*Photograph: Gerard O’Neill
AHEAD of Clare’s opening outing in the Allianz National Hurling League, Eoin Brennan heads into his time machine to look at what has disappeared from the tournament.
Clare last won the Allianz National Hurling League in 2016, having previously claimed the title in 1963, 1977 and 1978. The NHL was founded in 1925, almost 100 years on what has vanished from the league.
1. Crepe Paper Hats:
Probably the most ill-advised match accessory in the GAA’s history as while the colours were bright, the material itself namely paper may have been ideal for a National League Final in Thailand but certainly not equipped for the frequent bouts of rain in Thurles as along with the hat disintegrating, the colour dye ran down supporters faces.
2. A.N. Other:
A programme staple as managers pondered over invariably a late corner-forward replacement or a Shane O’Donnell-like bolter akin to 2013.
3. Christmas Break:
The National Hurling League used to start in the autumn and finish the following summer. For example, only five weeks after their breakthrough All-Ireland Senior title in 1995, the Clare hurlers traveled to Austin Stack Park in Tralee to face Kerry, with the final not taking place for a further seven months.
4. Knee bandages:
All the rage in the 70’s, 80’s and in a more modern multicoloured guise in the 90’s, the Millennium Bug seemed to turn the necessity of a knee bandage into a cruciate epidemic.
5. Packed dressing rooms:
Everyone from reporters to supporters could be seen mixing with players before and after matches, often over a cigarette. Sometimes there wasn’t even room for players.
While media training has been hugely beneficial for players over the past decade, constant references to the ‘process’, ‘taking it game-by-game’ and ‘not looking beyond next Sunday’ don’t exactly instill passion in supporters like frank and open interviews used to.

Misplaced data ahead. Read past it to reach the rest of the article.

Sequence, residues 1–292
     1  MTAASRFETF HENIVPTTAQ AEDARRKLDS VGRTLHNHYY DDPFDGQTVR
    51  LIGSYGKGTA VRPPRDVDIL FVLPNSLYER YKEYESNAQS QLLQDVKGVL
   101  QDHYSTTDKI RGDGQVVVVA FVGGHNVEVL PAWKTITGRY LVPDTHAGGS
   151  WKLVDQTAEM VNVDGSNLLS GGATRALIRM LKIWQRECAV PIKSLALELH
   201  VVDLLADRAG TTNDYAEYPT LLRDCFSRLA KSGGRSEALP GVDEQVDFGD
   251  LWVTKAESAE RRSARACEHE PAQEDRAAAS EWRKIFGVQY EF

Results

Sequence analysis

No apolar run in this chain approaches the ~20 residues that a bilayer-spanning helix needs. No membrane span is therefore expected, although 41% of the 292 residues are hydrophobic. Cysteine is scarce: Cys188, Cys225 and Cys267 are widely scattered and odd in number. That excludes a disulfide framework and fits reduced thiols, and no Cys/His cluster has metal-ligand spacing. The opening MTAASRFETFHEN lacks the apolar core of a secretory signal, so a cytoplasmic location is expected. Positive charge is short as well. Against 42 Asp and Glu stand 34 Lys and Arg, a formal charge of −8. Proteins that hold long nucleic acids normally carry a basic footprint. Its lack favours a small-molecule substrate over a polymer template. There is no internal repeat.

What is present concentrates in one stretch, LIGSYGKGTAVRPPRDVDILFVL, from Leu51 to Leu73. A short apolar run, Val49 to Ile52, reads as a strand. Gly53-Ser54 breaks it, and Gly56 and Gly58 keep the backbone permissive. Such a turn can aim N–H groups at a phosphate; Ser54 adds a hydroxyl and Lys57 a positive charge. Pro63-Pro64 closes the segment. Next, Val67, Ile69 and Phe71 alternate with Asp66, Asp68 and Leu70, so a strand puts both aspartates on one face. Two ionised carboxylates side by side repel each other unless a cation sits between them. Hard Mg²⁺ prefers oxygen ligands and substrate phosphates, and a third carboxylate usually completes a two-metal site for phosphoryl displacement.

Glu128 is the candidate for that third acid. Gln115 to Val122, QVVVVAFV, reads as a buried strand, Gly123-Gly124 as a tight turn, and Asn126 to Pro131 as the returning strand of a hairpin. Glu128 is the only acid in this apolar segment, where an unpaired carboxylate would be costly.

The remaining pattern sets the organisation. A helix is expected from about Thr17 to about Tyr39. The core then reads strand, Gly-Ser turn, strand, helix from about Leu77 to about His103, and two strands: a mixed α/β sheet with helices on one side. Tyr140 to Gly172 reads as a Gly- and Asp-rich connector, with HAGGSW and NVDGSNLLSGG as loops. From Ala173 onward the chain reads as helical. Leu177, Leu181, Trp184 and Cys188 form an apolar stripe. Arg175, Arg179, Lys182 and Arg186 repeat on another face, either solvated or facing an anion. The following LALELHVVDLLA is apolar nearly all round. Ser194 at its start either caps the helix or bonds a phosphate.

7. Micro Glove:
A step further than the distinctive Micro helmet was the Micro Glove that was designed to protect a forward’s catching hand from a no-nonsense defender’s robust aerial challenges. The only flaw was that they were so rare that it would actually alert defenders of who the chief marksman or targetman was in a team which ironically led to increased attention and invariably a rigorous test of how durable the glove actually was.
8. Pulling on the ground:
John Fenton’s famous wonder goal from 1987 will never be repeated, not just because the Midleton maestro struck instinctively from 35 metres to the far top corner of Limerick’s net but simply due to the fact that if a player tried that now, they would be substituted almost immediately. Possession is now nine/tenths of the law so pulling on the ball or even the famous clash of the ash are practically extinct.
9. Skinny Tracksuit Pants:
In the 70’s and 80’s, it used to be those shiny tight shorts but about a decade ago, the trend of skinny tracksuit pants became a prerequisite which was fine for inter-county players but certainly wasn’t suited to a lot of managers, social club players and physios. You could actually count the change in their pockets such was the level of stress the stitching was under so it’s best to remember that skinny pants cannot make you skinny.
10. Hurley breaks:
When’s the last time you saw a hurley broken in a match? It’s rare at club level but almost ‘once in a blue moon’ at inter-county which in itself is a myth as it turns out that blue moons occur every two to three years. Granted, the advancement of hurley making and price to boot has rather nullified the shattering of ash but there’s no doubt that it was a spectacular part of the game.